New evidence has shown rats across Britain have now genetically evolved to withstand poison, so what are councils doing to stop it?
Evidence has now shown that rats across large swathes of Britain have now evolved to withstand poison, but can they survive in your town?
Universities in the South are pioneering a brand new way to learn. Why go to lectures if your lectures can come to you?
So-called 'super rats' are invading whole areas across the UK according to new research. The study shows that a new mutant strain of rodents are becoming immune to legally available rat poisons.
The problem is becoming worse day by day, as the rats continue to eat the bait without being affected. The interviewee is Dr Colin Prescott, Director of the Vertebrate Pests Unit, University of Reading.
A group of students from the University of Reading have staged a musical in just 24 hours. They have taken on the challenge to raise money for a brain tumour charity.
The proceeds will go to the Ollie Young Foundation, which supports research into how brain tumours affect children. The performers had just 24 hours in which to announce, cast, rehearse and stage their live performance of Beauty and the Beast. Sam Simmons told us about the project.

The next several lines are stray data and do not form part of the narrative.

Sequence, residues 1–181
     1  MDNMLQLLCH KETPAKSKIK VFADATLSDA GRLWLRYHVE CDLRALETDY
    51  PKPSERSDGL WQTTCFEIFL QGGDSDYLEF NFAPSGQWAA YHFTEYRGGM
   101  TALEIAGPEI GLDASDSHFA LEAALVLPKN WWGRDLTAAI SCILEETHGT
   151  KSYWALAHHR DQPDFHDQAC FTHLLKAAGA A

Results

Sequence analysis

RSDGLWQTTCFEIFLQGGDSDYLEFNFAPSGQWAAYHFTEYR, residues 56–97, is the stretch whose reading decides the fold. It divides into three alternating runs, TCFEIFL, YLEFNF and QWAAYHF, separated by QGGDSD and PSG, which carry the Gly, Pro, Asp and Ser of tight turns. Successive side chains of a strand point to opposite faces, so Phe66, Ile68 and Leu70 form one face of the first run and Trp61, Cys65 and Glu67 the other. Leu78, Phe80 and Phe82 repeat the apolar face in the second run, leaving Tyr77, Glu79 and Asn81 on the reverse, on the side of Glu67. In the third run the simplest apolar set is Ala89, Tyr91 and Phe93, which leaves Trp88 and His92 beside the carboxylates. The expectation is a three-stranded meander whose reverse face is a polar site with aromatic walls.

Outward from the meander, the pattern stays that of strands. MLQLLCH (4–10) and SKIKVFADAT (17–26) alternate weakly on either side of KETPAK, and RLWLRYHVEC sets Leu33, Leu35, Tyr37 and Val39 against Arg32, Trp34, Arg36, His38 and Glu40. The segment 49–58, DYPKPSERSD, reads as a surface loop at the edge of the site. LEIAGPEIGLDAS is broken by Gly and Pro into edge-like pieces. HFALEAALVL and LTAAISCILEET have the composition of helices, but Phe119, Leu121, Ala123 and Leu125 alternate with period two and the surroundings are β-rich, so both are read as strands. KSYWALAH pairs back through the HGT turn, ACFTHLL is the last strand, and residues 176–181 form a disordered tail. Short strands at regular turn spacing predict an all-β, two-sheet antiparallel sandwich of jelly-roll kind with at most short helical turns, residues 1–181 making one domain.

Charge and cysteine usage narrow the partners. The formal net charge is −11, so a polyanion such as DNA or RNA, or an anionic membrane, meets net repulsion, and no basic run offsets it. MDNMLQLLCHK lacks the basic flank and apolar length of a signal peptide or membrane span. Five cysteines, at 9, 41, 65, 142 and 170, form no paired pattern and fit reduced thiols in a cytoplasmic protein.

New research has revealed that super mutant rats are infesting the south. According to scientists at the University of Reading, the rodents which are resisting legal poisons are now invading parts of Dorset, the Thames Valley and Kent.
The so-called 'Norway rat' is the culprit.
Dementia has been described by experts as a "ticking time bomb" affecting thousands of people in our region.
But now a new research centre that aims to improve the detection and prevention of the disease has opened at the University of Reading.
The centre will run clinical trials in the hope of finding new treatments, as Mel Bloor reports.
Interviewees: Dr Laurie Butler - Head of the University of Reading's School of Psychology and Clinical Language Sciences, Les Eggleton whose wife suffers from Dementia and Dr Paul Loughlin, Consultant Psychiatrist in Old Age.
Students at the University of Reading will be able to study for 24-hours a day thanks to a new study centre.
The Study opened last week, just in time for the new academic year.
It was built as part of a £300,000 refurbishment of the facilities at the university and has space for a hundred students as well as group study areas and a kitchen to allow students to take a break.
Vice-Chancellor Sir David Bell had the honours of opening the new building said, "Students expectations rise every year.
"They have every right to expect academic services that enable them to fit study into their busy lives, day or night."
Three quarters of people who suffer heart attacks now survive as research and healthcare continues to improve.
But new figures from the British Heart Foundation show although deaths are decreasing - heart failure remains the UK's single biggest killer.
Now, the charity has announced it's providing the University of Reading with state-of-the-art equipment to help progress research, as Mel Bloor reports.
Trish Rump, heart attack victim
Simon Gillespie, British Heart Foundation Chief Executive
Dr Sam Boateng, heart disease researcher